The more I think like this, the less harshly I judge any of us ~ my kids, or even myself. This is a new feeling, and a welcome one. I had so small an understanding of how heavy that burden of guilt was. I think the PTSD response (for me) is keyed by guilt. I think guilt at what I might have done freezes me in place because whatever it was, I don't want to do it again. Then, I have to fight my way through my own numb so that I can function rationally. It's the strangest feeling. That is why it is so helpful to me to have the words to say, the words I've learned here, when something bad happens with the kids, I suppose.

    I pronounced them by rote, in the beginning, when I first came here.

    Now, I believe it, too.

    (I do think an abusive parent makes a choice, because the nature of the abuse changes as the children get too big to terrorize. So my mom is no way off the hook here, genetics or not.)


  19. 2much2recover

    2much2recover Well-Known Member

    Ironically you bring this up because my therapist says I am an Empath. So yes, my daughter and I are on totally opposite ends of the spectrum in your example.
    If I could say one thing it would be to: Stop, Listen and then Act or react. It is a skill you have to teach yourself once you give up on the idea that everything that happens, the way your child turned out is your fault. If your adult child still has problems the best way to avoid making them your problems is to use the stop/ listen/ act-react. When you do this with people who are manipulating you, if you listen to where they are leading you you can then act, say, by leading the conversation in another directing or by pretending you didn't hear what they wanted you to hear. It's a very tough game and exhausting which is why I can't do it anymore. But id you stop and listen to what that other person is really saying to you, what is it they want from you, or what are they implying, well you are in a better place to act on the right choices for you and for the rest of your family. This techniques works with anybody by the way. Another thing I like to say is to let the other person talk their head off to you - when you truly listen you will be shocked at how much people will reveal about their true nature or character. Then you can act or react to whether you want to be complicit in what they want from you.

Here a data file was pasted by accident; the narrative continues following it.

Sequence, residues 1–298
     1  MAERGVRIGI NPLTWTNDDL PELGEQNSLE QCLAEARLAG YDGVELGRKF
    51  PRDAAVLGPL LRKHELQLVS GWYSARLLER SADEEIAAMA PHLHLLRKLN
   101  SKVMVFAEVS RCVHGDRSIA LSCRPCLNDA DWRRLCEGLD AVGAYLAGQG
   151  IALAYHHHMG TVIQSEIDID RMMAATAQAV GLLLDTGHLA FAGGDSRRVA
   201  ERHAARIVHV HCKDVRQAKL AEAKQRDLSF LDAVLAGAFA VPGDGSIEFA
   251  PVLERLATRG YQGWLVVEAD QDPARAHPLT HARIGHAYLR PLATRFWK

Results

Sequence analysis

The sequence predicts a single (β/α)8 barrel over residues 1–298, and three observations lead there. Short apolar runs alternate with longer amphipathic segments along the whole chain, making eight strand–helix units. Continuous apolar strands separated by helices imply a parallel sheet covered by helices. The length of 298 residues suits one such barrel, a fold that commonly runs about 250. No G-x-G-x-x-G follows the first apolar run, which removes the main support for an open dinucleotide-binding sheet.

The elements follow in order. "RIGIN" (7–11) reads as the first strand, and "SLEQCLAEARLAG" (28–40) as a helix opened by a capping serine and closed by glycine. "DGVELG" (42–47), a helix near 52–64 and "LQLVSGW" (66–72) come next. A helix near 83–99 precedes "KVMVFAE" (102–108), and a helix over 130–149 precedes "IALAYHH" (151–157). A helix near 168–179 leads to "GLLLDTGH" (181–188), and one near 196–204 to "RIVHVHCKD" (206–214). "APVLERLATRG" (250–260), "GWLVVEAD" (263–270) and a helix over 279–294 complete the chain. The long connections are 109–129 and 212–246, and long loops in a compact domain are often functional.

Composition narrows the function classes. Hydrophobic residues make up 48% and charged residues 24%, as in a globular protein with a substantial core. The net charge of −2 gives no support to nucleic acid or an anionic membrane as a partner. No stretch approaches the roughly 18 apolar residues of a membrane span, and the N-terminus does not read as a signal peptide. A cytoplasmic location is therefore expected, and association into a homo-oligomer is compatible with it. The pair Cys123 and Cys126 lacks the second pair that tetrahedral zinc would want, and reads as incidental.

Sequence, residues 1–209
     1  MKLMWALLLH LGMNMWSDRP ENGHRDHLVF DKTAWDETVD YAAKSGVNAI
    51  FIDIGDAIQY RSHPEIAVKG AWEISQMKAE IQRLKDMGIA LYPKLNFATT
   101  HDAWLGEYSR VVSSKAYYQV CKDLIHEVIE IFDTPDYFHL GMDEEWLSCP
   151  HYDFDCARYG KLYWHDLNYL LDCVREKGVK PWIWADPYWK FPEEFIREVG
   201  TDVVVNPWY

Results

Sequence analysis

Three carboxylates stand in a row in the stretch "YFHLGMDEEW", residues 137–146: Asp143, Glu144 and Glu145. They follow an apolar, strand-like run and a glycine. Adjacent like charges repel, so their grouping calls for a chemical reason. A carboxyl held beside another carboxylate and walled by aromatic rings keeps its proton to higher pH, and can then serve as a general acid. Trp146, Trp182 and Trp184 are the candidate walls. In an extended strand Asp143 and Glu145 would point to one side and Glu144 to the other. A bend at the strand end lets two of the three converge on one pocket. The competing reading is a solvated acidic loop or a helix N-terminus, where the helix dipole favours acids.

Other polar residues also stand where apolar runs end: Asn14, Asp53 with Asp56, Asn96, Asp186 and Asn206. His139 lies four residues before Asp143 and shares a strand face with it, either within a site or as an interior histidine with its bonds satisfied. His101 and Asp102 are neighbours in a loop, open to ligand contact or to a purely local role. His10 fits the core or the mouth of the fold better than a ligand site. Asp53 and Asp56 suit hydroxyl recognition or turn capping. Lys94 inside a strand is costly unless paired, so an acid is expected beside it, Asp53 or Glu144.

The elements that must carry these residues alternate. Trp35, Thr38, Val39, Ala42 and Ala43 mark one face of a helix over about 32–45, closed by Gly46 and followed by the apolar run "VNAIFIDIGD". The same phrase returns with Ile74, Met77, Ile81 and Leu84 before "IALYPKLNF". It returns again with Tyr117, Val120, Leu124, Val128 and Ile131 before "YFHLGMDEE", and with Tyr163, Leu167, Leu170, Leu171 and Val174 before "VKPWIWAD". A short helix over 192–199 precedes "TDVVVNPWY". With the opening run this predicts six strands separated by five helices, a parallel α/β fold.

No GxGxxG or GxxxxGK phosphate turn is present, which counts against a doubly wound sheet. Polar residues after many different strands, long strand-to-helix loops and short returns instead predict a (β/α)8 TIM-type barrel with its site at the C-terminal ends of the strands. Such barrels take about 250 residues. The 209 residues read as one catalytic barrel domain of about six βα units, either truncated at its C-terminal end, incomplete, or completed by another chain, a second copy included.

It is a tool, but from what I have seen most of the people here, on this board are capable of putting it in their tool-bag.

    Agreed, people who abuse others are ultimately responsible for the harm they cause. Don't you see that it applies to the abuse our children heap on us as well? Abuse is abuse no matter who perpetrates it and no one should be let off the hook for it unless there is an ABSOLUTE and completely coming of understanding the harm that caused and you and they show, through future actions that they are truly remorseful. They get no second chance unless there is a huge turn around, hopefully facilitated by competent mental health treatment. For my daughter, the first time I went NC I told her we could not talk again unless it was in a therapist office. Somehow she slipped through the door when I was severely and utterly sick, really too weak to realize what was going on. After 1 year of contact I realize that it was a mistake because there is no remorse on her side.